Microsoft buys LinkedIn; here are 5 companies that it bought and shut down soon after
At $26.2 billion (approximately Rs 1.74 lakh crore) the acquisition of LinkedIn dwarves every other deal that Microsoft has done till now.
Social networking website for professionals--LinkedIn--has proved its utility. The network where millions logged-in every day to find jobs, exchange ideas, have found itself a suitor in Microsoft.
In a surprise move, Microsoft snapped up LinkedIn for $26.2 billion or $196 per share. Jeff Weiner will remain CEO of LinkedIn, now reporting to Satya Nadella, CEO of Microsoft.
The deal does give Microsoft a large 433-million user base of professionals where it previously has not seen any success.
While it has acquired LinkedIn, Microsoft once tried to buy its way into the social networking sphere by offering Facebook $15 billion, which was turned down. The company even tried to buy Yahoo! for $44 billion in 2008 but the deal didn't materialise.
When this acquisition didn't pan-out, it created its own social networking site. Albeit not a very successful one, given not many have even heard about its existence till now.
The story of Microsoft buying Nokia and then shutting it down is well known.
Quietly launched in May 2012 'So.cl' (pronounced 'social') is targeted towards students and meant to compete with the likes of Facebook and Google+ at the time. It was developed by Microsoft's FUSE Labs and had been in development for almost a year prior to the launch.
At $26.2 billion (approximately Rs 1.74 lakh crore) the acquisition of LinkedIn dwarves every other deal that Microsoft has done till now (Skype the highest at $8.5 billion in May 2011). It is also the biggest deal for a social media site. The previous deal being Facebook's acquisition of Whatsapp for $19 billion in 2014.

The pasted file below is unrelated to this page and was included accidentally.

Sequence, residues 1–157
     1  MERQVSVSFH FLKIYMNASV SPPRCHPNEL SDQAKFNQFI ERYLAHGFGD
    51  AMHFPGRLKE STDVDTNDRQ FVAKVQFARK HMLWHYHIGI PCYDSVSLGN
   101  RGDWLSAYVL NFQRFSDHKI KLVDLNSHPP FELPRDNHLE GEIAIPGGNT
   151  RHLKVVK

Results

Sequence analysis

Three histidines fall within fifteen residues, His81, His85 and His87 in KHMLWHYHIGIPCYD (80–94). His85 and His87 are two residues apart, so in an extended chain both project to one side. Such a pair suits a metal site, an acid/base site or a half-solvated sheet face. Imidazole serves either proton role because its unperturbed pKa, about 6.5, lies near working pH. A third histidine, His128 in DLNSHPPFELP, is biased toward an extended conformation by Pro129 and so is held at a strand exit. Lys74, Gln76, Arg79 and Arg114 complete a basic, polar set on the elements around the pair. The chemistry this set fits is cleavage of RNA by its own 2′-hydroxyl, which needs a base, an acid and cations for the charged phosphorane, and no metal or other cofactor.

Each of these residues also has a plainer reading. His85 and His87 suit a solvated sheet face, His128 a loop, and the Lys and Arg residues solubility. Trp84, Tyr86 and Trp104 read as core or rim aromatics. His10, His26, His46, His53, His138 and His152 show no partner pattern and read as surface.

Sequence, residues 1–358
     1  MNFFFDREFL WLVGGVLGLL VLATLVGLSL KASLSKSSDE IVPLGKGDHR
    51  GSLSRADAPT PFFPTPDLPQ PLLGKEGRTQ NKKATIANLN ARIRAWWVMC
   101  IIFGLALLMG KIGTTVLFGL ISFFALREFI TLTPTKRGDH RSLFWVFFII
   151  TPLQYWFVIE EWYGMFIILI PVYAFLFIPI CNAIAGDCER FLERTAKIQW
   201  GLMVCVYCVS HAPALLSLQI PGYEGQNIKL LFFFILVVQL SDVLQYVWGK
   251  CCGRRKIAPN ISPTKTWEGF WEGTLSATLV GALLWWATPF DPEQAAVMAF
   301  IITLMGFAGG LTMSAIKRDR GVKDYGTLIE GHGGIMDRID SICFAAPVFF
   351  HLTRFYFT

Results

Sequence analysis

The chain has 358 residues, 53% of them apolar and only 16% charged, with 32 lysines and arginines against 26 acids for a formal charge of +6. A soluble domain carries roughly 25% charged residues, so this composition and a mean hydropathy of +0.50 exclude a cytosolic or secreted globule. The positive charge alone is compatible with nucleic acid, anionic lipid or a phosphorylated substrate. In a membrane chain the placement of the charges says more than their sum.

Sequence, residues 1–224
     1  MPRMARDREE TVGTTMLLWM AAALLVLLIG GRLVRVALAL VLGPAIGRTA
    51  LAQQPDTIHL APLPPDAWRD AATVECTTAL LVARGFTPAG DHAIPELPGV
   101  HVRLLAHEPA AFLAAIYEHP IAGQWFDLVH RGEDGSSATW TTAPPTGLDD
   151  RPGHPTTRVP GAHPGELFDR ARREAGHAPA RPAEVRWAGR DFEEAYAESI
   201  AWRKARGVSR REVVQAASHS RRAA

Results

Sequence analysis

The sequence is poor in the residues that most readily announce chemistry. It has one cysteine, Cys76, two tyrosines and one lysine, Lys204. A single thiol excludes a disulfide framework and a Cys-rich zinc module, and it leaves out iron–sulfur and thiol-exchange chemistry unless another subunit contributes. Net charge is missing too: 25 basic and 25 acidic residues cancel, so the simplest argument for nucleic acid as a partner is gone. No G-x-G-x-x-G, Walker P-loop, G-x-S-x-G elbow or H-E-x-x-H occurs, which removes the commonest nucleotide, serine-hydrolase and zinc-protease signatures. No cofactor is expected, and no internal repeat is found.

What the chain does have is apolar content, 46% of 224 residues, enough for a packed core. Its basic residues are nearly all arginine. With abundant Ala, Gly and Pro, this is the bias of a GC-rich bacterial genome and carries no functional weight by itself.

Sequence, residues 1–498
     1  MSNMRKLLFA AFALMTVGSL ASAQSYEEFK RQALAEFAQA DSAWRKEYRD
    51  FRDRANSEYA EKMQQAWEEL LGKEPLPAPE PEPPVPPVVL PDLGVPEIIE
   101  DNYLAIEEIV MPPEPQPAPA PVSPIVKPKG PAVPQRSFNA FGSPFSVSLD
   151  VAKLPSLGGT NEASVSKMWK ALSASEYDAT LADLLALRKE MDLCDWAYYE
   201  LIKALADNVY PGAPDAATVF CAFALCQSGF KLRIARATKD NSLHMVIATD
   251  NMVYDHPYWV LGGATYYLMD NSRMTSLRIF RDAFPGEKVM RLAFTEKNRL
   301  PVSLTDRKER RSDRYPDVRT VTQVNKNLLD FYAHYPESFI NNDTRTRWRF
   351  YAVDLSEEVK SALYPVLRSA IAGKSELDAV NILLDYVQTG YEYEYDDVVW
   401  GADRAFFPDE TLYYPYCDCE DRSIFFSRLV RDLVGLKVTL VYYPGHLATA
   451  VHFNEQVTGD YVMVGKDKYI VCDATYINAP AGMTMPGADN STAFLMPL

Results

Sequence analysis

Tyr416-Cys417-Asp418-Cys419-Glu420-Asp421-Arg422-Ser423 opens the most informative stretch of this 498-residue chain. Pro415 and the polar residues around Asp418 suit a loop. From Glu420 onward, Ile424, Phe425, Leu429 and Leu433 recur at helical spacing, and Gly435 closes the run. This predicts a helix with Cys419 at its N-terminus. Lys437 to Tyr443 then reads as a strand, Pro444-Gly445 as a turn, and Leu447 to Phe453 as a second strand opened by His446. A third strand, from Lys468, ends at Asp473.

Microsoft's bad deals
However, Microsoft has been known for doing deals which later on turn sour. Some of the acquisitions made by the company not only ended up running top companies to the ground but also ended by costing Microsoft dearly.
The biggest example of this is the acquisition of Nokia for a massive $7.2 billion to strengthen its mobile phone business. Two years later it, Microsoft wrote off the acquisition at $7.6 billion and recently sold it off for $350 million.
In 2007, it has acquired aQuantive, an online advertising company, for $6.3 billion to compete with Google. This too ended up with Microsoft writing off $6.2 billion of the acquisition in July 2012.
Microsoft acquired Danger, a company known for software and services for mobile devices, in 2008. The company was hit by a major shutdown at its data centre that resulted in huge losses. Even Microsoft KIN created with the collaboration of the two companies did not do well and was pulled off the shelves just 48 days after it was launched.
Tellme Networks was acquired by Microsoft for $800 million and came to an end with the emergence of search engines and mobility-based devices, according to an Economic Times report.
Navision was another failed acquisition by Microsoft that cost $1.45 billion. It was acquired to strengthen its business management software and bundled Great Plains Software of Microsoft. However, it lost out to competitors such as SAP, Salesforce and Oracle.
With such deals, it remains to be seen if LinkedIn will succeed under Microsoft's wing.